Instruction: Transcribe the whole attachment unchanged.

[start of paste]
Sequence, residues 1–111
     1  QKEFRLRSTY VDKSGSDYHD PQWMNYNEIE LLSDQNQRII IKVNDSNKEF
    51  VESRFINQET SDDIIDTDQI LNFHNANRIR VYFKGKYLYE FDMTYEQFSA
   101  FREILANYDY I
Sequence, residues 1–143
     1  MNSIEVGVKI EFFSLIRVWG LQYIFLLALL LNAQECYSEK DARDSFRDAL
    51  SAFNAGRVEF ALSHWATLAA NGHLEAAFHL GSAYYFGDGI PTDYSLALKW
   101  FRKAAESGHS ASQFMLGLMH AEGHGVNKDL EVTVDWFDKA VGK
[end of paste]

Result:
Sequence, residues 1–111
     1  QKEFRLRSTY VDKSGSDYHD PQWMNYNEIE LLSDQNQRII IKVNDSNKEF
    51  VESRFINQET SDDIIDTDQI LNFHNANRIR VYFKGKYLYE FDMTYEQFSA
   101  FREILANYDY I
Sequence, residues 1–143
     1  MNSIEVGVKI EFFSLIRVWG LQYIFLLALL LNAQECYSEK DARDSFRDAL
    51  SAFNAGRVEF ALSHWATLAA NGHLEAAFHL GSAYYFGDGI PTDYSLALKW
   101  FRKAAESGHS ASQFMLGLMH AEGHGVNKDL EVTVDWFDKA VGK